Search Images Maps Play YouTube News Gmail Drive More »
Sign in
Screen reader users: click this link for accessible mode. Accessible mode has the same essential features but works better with your reader.

Patents

  1. Advanced Patent Search
Publication numberUS4687359 A
Publication typeGrant
Application numberUS 06/843,852
Publication dateAug 18, 1987
Filing dateMar 20, 1986
Priority dateApr 11, 1984
Fee statusPaid
Publication number06843852, 843852, US 4687359 A, US 4687359A, US-A-4687359, US4687359 A, US4687359A
InventorsGordon B. Barrus, Leo J. Emenaker
Original AssigneePrintronix, Inc.
Export CitationBiBTeX, EndNote, RefMan
External Links: USPTO, USPTO Assignment, Espacenet
Color printer
US 4687359 A
Abstract
In a color printer in which a shuttle assembly containing a plurality of impacting print hammers is reciprocated in bidirectional fashion relative to an opposing platen to impact a print paper against the platen through the different color zones of an ink ribbon to print in color, the different color zones of the ribbon are arranged in a repeating pattern along the length thereof enabling the lightest color to be printed first followed by successively darker colors as the ribbon is advanced bidirectionally between the opposite ends thereof. A pair of barrier zones having a blank ribbon zone therebetween are disposed between each adjacent pair of color zones on the ribbon to prevent ribbon contamination due to bleeding of ink between adjacent color zones when the ribbon is wound on a reel. Ribbon contamination is further prevented by the blank ribbon zones which absorb ink that rubs off onto the ribbon guides. The various different color zones are identified by one or more strips which extend across the width of the ribbon adjacent each color zone and which identify the color therein in bar code fashion. The color printer may be operated in a manner which provides multiple passes of each color zone through the print station between the shuttle assembly and the platen to prolong the life of the ribbon and to enable the printer to quickly advance to the next color zone with a minimum amount of search time. The print paper which is driven bidirectionally by tractor drives above the print station is held in tension by an arrangement below the print station which employs a torque motor having an elastomeric wheel engaging a side of the paper opposite an arrangement of non-ink absorbing rollers.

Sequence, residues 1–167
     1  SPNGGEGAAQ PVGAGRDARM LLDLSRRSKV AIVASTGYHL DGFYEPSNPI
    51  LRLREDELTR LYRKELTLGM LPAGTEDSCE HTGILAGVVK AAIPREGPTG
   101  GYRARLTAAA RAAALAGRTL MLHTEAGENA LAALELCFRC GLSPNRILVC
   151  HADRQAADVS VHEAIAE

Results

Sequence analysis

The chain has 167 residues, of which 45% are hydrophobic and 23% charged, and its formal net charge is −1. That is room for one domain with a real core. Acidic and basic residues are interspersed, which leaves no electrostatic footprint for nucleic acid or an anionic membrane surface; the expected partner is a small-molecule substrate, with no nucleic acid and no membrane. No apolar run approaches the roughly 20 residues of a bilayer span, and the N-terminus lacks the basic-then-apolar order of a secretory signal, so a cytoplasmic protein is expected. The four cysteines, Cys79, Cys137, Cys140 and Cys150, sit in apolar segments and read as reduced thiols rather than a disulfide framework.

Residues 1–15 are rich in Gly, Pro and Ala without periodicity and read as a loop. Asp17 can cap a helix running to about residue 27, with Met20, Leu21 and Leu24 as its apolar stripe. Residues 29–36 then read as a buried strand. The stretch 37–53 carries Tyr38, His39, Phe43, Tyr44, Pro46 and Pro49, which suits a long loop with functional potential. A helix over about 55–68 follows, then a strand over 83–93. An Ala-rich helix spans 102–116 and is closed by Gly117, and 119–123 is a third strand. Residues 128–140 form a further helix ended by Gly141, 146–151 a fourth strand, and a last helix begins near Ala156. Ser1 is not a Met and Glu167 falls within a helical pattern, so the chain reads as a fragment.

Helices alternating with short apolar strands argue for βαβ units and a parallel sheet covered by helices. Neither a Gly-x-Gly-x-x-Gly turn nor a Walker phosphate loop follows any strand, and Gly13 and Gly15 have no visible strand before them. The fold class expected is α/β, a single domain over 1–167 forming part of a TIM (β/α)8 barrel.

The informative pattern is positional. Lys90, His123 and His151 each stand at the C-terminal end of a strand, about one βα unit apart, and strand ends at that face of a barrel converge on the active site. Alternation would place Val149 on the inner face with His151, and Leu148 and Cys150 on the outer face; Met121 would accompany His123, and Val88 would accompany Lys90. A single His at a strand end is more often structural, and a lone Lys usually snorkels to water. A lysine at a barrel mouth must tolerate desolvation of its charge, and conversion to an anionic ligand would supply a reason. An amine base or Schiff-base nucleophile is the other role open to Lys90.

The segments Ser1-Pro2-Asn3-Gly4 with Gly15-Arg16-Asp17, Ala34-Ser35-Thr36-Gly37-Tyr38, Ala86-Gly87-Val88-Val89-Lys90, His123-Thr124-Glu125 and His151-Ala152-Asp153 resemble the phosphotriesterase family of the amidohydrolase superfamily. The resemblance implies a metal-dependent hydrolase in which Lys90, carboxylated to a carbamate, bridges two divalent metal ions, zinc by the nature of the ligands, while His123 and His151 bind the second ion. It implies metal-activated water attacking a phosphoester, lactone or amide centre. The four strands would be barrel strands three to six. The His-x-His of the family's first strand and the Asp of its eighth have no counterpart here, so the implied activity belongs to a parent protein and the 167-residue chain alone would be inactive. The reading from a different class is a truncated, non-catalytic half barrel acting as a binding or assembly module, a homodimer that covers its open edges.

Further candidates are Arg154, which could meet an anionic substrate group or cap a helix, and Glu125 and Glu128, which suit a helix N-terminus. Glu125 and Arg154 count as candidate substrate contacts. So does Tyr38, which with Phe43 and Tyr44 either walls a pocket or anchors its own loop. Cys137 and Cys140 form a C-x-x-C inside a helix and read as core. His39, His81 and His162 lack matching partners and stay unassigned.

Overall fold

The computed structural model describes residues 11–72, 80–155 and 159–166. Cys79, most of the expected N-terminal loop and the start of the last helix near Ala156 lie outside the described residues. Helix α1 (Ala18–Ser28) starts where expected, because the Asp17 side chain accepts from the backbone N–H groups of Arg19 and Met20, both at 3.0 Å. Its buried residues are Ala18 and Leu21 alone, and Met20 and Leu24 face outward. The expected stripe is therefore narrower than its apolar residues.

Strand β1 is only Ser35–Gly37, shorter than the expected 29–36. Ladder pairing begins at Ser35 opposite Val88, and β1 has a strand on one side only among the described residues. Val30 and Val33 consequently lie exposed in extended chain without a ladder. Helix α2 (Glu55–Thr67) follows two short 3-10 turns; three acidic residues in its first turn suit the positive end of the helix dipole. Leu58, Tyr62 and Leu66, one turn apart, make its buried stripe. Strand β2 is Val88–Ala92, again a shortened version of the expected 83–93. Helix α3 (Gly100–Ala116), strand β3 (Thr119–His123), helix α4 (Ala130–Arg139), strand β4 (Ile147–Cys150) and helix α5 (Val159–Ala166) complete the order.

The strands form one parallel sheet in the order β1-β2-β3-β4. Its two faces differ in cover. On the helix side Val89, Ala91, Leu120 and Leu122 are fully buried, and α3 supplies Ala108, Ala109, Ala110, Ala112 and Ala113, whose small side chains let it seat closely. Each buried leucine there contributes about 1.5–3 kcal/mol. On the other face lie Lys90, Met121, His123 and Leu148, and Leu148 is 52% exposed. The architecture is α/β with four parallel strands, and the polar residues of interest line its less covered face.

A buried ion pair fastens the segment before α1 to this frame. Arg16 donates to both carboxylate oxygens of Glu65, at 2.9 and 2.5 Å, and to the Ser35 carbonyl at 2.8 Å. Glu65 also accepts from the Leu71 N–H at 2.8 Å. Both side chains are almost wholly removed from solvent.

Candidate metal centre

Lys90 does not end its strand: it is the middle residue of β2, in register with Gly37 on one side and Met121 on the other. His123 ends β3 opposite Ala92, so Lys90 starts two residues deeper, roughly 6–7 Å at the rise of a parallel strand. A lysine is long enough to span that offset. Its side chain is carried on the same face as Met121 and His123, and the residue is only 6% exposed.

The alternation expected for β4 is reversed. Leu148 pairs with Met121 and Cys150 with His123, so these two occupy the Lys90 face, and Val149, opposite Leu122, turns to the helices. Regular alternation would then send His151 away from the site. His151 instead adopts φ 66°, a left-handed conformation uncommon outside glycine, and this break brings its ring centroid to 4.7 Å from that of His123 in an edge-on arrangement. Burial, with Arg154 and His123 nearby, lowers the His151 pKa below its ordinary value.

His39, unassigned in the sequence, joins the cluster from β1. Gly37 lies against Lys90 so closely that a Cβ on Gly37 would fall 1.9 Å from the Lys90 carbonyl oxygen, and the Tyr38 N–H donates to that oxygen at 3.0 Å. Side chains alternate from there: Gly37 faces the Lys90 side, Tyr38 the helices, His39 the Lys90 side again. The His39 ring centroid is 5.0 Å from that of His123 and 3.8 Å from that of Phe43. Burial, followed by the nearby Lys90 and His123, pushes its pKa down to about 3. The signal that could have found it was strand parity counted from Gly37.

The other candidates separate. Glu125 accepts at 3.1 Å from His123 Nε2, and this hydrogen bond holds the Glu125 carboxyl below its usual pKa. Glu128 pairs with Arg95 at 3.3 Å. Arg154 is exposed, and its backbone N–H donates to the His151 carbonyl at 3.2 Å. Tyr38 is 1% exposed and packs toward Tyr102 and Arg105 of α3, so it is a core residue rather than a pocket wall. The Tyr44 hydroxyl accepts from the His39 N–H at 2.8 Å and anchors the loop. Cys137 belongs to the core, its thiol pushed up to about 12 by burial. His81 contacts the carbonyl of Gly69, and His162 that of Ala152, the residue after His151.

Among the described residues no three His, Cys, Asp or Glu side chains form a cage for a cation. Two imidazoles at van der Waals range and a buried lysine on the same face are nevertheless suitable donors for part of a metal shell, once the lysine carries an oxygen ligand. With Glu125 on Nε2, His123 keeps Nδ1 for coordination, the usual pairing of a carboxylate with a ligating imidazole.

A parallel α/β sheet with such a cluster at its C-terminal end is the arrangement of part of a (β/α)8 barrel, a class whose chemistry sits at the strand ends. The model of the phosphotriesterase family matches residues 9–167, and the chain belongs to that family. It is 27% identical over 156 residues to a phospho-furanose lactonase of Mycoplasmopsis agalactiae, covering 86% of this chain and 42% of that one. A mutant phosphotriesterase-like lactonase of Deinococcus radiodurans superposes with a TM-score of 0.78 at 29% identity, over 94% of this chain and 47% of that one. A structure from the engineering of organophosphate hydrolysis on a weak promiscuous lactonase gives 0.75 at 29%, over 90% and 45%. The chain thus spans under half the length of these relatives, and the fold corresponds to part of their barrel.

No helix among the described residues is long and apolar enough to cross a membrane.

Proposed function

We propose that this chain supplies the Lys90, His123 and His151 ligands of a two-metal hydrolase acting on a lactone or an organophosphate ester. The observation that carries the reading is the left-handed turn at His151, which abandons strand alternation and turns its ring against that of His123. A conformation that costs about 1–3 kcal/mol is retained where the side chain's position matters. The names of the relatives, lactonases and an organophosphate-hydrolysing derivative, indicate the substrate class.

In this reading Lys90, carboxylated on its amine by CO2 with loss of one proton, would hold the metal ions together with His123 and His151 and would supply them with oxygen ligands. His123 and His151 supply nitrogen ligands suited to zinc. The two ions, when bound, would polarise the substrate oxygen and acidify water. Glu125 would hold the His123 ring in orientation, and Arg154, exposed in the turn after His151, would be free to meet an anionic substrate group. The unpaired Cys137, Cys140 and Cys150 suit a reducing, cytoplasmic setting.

Images(5)
Previous page
Next page
Claims(4)
What is claimed is:
1. A method of color printing with an impact printer having at least one impacting element which impacts a ribbon having a plurality of different color zones spaced along the length of the ribbon, comprising the steps of advancing the ribbon relative to the impacting element to impact each of the plurality of different color zones and thereby print in a color contained in the color zone in sequence, and within each of at least some of the color zones reversing the direction of movement of the ribbon at least twice to provide plural passes of each of the at least some of the color zones relative to the at least one impacting element, the step of reversing the direction of movement of the ribbon at least twice within each of at least some of the color zones including the further steps of determining an amount of printing to be done, advancing substantially the entire length of a color zone relative to the at least one impacting element in a first direction at a nominal speed to provide a first pass, advancing the color zone relative to the at least one impacting element in a second direction opposite the first direction at the nominal speed by an amount determined by the amount of printing to be done to provide a second pass, and thereafter advancing the color zone relative to the at least one impacting element in the first direction at a speed greater than the nominal speed to an end of the color zone to provide a third pass.